Further, other than the polyester of component (a), the epoxy-containing compound of component (b) and the bond reaction catalyst of component (c), the polyester resin composition of the present invention may optionally contain fillers such as talc, calcium carbonate, calcium oxide, kaolin, alumina or aluminum oxide; reinforcements such as glass fibers, carbon fibers, aramide fibers or whiskers; pigments such as carbon black, antimony oxide, molybdenum disulfide or titanium oxide; coloring materials; stabilizers; ultraviolet absorbers; antioxidants; viscosity modifiers; antistatic agents; conductive agents; fluidity imparting agents; release agents; other crosslinking agents and other resins.

Blending Method and Bond Reaction

A method of blending the polyester resin of the present invention will be explained below.

The polyester of component (a) which can be used is one having any form, such as general virgin chips, recovered flakes, granular materials, powder, chips or the like. Drying is also optional. In general, drying the polyester as the main component gives preferable results. Each component is kneaded with a mixer such as a Henschel mixer, and the mixture is supplied to an extrusion pelletizer or directly supplied to a molding processing machine. Heat melting temperature is preferably equal to or more than the melting point of the polyester and 330 C. or lower from the standpoint of reaction control. In particular, 320 C. or lower is preferable. If the temperature exceeds 330 C., discoloration or thermal decomposition of the polyester may occur. Other than the method of simultaneously mixing each component, it is also possible to previously mix component (a) and component (b), and then add component (c) thereto in an optional step. Further, it is possible to previously mix component (a) and component (c), and then add component (b) in an optional step.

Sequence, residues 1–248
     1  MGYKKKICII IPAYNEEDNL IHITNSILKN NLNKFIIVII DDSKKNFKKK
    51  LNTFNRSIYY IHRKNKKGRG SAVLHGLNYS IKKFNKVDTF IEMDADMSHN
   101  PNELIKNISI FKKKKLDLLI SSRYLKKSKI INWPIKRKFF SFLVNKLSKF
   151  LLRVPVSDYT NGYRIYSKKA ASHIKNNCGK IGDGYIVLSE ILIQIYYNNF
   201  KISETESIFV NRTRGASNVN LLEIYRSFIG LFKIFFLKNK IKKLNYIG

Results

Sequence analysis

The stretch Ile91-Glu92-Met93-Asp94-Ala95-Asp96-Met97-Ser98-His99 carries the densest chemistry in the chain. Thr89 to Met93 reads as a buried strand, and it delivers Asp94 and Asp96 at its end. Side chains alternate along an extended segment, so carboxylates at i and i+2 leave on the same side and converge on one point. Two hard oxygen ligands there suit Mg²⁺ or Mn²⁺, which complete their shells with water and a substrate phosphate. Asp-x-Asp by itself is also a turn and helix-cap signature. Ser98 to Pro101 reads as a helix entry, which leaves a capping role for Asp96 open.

As a reaction apparatus for heat melting, a single screw extruder, a twin screw extruder, a two stage extruder combining them, a kneader/ruder or the like can be used.

In the case of conducting injection molding, film formation, yarn formation, hollow molding, spinning or the like, pellets previously produced by an extrusion molding machine may be used, or a raw mixture obtained by dry blending the above three components can be directly supplied to a feeder of a processing machine. It is important to select the optimal blending composition, taking into consideration the number of stages of kneading steps or heating conditions. Molding speed, mold temperature and stretching conditions during molding can be optionally selected, and in some cases, the molded product obtained may be heat-treated later.

The reason why the degree of polymerization of the straight chain polyester increases within a short time of, for example, 1-60 minutes, preferably 2-30 minutes, particularly preferably 4-15 minutes, and the amount of terminal carboxyl groups decreases is assumed to be that since the bond catalyst has an acceleration action to the reaction between the carboxyl group of the polyester and epoxy ring, and molecules of polyester having terminal carboxyl groups are connected by a polyfunctional epoxy component, so that molecular chain extends or branches to become high molecular weight, and at the same time, the amount of terminal carboxyl groups decreases. When only the bond catalyst is added to the polyester and heat melting is conducted, no increases in molecular weight and decreases in the terminal carboxyl groups are recognized. When only the polyfunctional epoxy component is added to the polyester and heat melting is conducted, reaction rate is slow, so that it is difficult to increase the molecular weight for a short period of time. Only when the three components (a), (b) and (c) of the present invention are present together, a marked increase in molecular weight is recognized.